The following was written by the excellent Arts and Entertainment editor of my local newspaper (writes Greg to BtP, June 2006), who has a true appreciation for PH. He is the same one who wrote two (!) articles in advance of Procol’s last Seattle concert, while the Seattle papers completely ignored it, save for one after-the-fact review.
He told me he’d tried to decide between reviewing A Salty Dog or Home, and settled on Home because it had a greater personal impact on him at the time.
The first three albums by Britain’s Procol Harum seemed to leave the band poised on the edge of superstardom. They had a huge hit - “A Whiter Shade of Pale”- on their resume, and their third release, 1969’s “A Salty Dog,” was their most accessible, listener-friendly work yet.
But then two charter members- Matthew Fisher, whose Hammond B2 organ was one of the cornerstones of Procol’s dense sound, and bassist David Knights- jumped ship. A third, guitarist Robin Trower, was leaning towards the door, too, wanting to play a more central role in a Jimi Hendrix-style blues sound.
With Fisher gone, melodist-pianist-singer Gary Brooker could’ve taken the band in a more commercially viable R&B direction. And with the recruitment of Chris Copping, an ex-mate from The Paramounts, to replace both Fisher and Knights, it seemed like that was indeed what might happen.
But lyricist Keith Reid, always considered by Brooker to be a full (if non-performing) member of the band, had other ideas. The wordage he produced for Procol’s fourth album, “Home,” was among his darkest, most opaque and decidedly non-commercial work ever. The brace of albums that began with “Home” and ended with 1971’s “Broken Barricades” relegated Procol Harum not to headliner status, but to the ranks of cult bands. Despite a huge single with the orchestra-fueled remake of “Conquistador” and a promotional push from A&M Records for their next studio album, “Grand Hotel,” they never recovered.
Commercial, it wasn’t. But “Home” was challenging, interesting and moving.
Reid always had been obsessed with the themes of insanity, the sea and death. His fascination with death became paramount- and morbid- with some of the songs on “Home.” Perhaps that provided an impetus to Brooker, Copping and drummer B.J. Wilson to prove that Procol could be just as heavy and Gothic as they ever had been with Fisher at the Hammond.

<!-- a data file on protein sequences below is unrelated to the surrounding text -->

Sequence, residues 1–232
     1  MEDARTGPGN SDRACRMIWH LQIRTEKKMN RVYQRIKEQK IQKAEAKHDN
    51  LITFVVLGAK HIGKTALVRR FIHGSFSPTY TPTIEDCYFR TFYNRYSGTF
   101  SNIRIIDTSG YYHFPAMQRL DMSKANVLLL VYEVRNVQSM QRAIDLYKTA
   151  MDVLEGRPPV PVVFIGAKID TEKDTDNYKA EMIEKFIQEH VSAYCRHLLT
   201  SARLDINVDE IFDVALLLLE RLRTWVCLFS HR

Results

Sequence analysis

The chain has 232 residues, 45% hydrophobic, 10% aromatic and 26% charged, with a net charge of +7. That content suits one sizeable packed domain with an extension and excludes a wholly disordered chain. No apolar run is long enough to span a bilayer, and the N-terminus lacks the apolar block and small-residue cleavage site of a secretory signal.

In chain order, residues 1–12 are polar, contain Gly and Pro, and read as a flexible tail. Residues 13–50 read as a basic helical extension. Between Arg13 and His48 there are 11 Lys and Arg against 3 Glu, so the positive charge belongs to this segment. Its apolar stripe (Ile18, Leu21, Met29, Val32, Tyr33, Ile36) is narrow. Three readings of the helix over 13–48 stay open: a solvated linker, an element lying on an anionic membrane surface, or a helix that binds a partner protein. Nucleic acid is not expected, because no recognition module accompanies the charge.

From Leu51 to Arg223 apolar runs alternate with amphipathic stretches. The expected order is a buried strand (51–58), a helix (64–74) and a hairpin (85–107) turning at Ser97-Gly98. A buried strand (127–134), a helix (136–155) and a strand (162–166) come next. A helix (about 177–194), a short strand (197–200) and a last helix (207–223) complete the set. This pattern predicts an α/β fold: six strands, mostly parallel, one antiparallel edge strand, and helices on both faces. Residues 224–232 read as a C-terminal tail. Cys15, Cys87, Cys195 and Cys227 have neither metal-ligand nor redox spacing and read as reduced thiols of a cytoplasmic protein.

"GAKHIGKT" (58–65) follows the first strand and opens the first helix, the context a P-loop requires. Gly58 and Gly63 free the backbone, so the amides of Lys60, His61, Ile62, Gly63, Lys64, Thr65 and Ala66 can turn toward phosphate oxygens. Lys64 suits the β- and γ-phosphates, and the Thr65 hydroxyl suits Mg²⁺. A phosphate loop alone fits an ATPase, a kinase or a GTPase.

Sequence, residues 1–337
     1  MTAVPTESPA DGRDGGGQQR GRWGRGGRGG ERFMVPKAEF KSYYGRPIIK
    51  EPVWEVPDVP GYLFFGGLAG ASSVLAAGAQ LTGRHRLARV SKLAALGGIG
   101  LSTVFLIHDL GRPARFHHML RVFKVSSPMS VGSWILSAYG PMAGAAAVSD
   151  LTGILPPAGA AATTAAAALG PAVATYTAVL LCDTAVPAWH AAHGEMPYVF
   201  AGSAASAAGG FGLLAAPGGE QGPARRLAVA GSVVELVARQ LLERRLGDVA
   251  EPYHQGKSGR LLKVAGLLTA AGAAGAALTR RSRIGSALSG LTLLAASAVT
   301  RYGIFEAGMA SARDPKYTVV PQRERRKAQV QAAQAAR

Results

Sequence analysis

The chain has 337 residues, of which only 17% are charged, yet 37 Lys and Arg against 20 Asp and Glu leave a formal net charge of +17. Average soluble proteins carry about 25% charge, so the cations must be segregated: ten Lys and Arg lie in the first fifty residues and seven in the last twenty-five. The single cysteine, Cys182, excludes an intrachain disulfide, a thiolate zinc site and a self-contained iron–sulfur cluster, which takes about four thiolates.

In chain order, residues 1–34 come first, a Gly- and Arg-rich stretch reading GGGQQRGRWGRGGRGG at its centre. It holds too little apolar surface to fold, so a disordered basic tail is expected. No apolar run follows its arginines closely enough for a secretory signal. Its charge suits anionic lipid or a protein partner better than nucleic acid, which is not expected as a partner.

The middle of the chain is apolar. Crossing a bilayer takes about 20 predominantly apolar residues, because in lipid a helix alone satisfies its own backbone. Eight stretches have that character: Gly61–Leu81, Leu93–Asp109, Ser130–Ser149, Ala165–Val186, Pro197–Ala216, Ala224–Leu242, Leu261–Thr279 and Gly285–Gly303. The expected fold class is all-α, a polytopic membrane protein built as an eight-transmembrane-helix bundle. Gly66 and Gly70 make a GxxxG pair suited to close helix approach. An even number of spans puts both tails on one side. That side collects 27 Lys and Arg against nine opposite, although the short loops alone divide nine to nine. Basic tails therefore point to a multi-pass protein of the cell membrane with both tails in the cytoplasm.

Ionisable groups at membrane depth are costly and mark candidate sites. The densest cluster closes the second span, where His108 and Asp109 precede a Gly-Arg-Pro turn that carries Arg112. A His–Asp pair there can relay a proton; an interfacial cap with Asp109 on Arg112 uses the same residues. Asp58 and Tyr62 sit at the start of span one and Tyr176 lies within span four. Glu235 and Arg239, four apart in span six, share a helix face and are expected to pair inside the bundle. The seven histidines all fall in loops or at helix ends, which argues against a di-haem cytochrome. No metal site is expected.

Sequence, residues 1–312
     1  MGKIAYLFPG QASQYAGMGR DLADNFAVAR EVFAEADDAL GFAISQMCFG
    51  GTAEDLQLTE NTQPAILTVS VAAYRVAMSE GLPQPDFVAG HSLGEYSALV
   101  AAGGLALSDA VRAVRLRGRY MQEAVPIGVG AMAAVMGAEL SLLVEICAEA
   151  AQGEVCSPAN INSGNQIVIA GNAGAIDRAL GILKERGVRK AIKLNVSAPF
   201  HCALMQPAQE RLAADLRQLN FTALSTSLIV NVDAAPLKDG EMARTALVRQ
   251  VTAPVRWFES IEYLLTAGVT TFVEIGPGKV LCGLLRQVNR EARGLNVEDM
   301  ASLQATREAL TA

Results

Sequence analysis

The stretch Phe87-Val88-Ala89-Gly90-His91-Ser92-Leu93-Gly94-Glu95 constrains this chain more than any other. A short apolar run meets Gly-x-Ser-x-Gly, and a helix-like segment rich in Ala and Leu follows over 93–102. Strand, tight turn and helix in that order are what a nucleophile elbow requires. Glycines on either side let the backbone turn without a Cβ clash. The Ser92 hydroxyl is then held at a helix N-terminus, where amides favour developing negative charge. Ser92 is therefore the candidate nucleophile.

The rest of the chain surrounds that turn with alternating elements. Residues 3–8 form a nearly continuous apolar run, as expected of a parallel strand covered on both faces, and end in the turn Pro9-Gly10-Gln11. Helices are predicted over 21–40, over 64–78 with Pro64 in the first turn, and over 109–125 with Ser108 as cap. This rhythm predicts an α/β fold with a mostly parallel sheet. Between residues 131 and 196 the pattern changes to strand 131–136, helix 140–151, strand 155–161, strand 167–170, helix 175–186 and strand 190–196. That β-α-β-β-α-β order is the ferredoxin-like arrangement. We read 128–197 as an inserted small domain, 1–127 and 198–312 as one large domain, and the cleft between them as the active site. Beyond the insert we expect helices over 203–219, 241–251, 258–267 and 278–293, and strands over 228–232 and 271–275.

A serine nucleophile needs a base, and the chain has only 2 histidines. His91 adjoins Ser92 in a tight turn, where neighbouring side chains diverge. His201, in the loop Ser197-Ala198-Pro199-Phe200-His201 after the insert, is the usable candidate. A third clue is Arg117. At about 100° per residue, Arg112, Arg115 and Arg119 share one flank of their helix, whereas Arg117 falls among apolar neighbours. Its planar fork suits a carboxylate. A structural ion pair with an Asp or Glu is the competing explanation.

“The Dead Man’s Dream” was a horror-movie soundtrack, with grim lyrics and a little death-knell suffix (which they used again, to an almost identical purpose, on “Grand Hotel’s” “For Licorice John”). “Still There’ll Be More” was a gritty revenge tale, “Nothing That I Didn’t Know” a dearge (sic) about loss, and “About To Die”...well, that’s pretty self-explanatory. Even the closing “Your Own Choice,” with its lighthearted feel and gorgeous harmonica flavorings, was weighted with lyrics like “Went to a river but I could not swim / Knew I’d drown if I went in / Lost my faith in a terrible race / rest-in-peace hereafter.”
For the Procol faithful, though, “Home” had a teeth-gnashing intensity, and Reid’s lyrics, though increasingly macabre, were as literate and brainy as ever.
Its centerpiece, “Whaling Stories,” was also one of the band’s greatest creations, a seven-minute retelling of an epic siege and battle that found the band at its most majestic and powerful, and Reid at the height of his abilities. The closing prayer, “Shalimar the trumpets chorused / angels wholly all shall take / Those alive will meet the prophets / Those at peace shall see their wake” is among his most moving and vivid poetry
“Home,” however, was not for a mass audience. Trower exited after “Broken Barricades,” and the band’s fan base and critical stock both diminished, and A&M’s enthusiasm for the band waned after the uneven “Exotic Birds and Fruit” tanked, sales-wise. (Brooker has reconvened several times since with different musicians, most successfully on last year’s fine “The Well’s on Fire,” which reunited him temporarily with Fisher.)
Perhaps more than any of their other albums, “Home” demonstrated how powerful Procol Harum could be musically, and how unique Reid made their songs lyrically. Unfortunately, it also is a prime example of why that unique subject matter prevented the band from earning a mass audience and doomed it to cult status.
(Thanks, Greg, for sourcing, typing, and getting premission to quote)
Further reviews of this album
Reviews of other Procol Harum albums